Description - Cases and Projects in International Management by Richard Mead
Culture may not be the only factor to affect organizational structure. Size, strategic location, the industrial climate, the complexity of the task in hand and the kind of technology used all exert an influence and profoundly affect the relations between members of an organization. Managers therefore have to contend with weighing culture against other variables when trying to implement organizational structure.If culture is but one among a range of factors, then why are cross-cultural management skills so important? Mead crisply answers this question at the outset and his views may be summarized as follows. Today's business world is global and therefore firms are forced to establish branches and subsidiaries outside their national boundaries. Managers have to deal with people from other cultures, and it is imperative that they develop the ability to interact with individuals who have different cultural priorities.Effective cross-cultural management increasingly means working with people from different cultures and learning to tolerate differences when devising shared priorities.In today's economic climate, market forces appear to have an increasingly anthropological dimension.
The ethnocentric manager, for example, who is unable or unwilling to deal with members of other cultures has fewer career opportunities. To accommodate these changes management schools are giving increasing priority to teaching cross-cultural management skills. International Management combines theory and practice, and includes a variety of exercises to enable students to apply general concepts to specific situations.Mead acknowledges the difficulty in providing a single definition of culture, but does not duck the issue. Instead he provides a succinct account of the sociological and anthropological positions before moving on to the management literature.This publication deserves a warm welcome because it acknowledges the contribution made by anthropologists to the understanding of culture. As Richard Mead demonstrates, there is clearly a great deal of scope for making more use of anthropological insights in clarifying the role of culture in international management. The book is aimed at students and has been written with admirable clarity, and should be of value to anyone involved in teaching applied social sciences.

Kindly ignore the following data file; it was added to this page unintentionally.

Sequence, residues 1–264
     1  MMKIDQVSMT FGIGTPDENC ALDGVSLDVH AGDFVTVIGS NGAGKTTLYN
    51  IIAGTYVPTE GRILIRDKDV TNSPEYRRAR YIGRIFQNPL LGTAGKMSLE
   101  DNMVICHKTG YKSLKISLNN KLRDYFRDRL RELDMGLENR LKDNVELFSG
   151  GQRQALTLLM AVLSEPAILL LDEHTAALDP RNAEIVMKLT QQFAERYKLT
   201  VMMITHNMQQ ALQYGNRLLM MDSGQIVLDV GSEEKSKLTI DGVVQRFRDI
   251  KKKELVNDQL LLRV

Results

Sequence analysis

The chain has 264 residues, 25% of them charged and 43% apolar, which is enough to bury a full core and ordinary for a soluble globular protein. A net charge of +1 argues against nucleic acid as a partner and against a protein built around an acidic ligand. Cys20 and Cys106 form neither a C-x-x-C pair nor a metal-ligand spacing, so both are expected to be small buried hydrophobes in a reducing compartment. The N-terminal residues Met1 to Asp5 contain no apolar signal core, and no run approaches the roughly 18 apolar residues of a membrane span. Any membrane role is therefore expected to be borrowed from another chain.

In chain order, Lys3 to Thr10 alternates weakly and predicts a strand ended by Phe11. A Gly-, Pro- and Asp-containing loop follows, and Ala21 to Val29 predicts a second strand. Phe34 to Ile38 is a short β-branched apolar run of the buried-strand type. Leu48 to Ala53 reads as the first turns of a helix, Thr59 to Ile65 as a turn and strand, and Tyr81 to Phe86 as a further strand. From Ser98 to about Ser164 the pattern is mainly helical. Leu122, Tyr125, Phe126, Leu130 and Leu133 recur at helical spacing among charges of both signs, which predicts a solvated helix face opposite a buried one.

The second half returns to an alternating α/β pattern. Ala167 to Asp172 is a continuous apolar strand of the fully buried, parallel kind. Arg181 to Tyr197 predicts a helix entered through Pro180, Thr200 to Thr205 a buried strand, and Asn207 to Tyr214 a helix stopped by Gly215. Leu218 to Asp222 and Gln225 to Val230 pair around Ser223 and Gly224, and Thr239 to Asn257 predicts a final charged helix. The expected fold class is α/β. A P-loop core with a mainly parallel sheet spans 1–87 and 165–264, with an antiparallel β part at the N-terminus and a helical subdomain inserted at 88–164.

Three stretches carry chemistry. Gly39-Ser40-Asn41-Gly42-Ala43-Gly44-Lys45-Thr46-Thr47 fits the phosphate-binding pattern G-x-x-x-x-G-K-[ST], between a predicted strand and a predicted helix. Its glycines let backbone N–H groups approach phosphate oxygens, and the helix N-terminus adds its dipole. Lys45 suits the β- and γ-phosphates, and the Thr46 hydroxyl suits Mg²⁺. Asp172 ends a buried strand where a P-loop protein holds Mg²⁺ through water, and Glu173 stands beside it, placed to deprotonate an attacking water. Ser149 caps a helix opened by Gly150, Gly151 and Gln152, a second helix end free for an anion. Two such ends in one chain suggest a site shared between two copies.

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(254mm x 175mm x 15mm)
Publisher: John Wiley and Sons Ltd
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Author Biography - Richard Mead
Richard Mead is Director of Asian Business Studies at the School of Oriental and African Studies, University of London. He has over 25 yearsa experience of teaching, researching and consulting in communications and management, including periods in the USA, Malaysia, Thailand, Libya, Saudi Arabia, Iran, Brazil and Sierra Leone.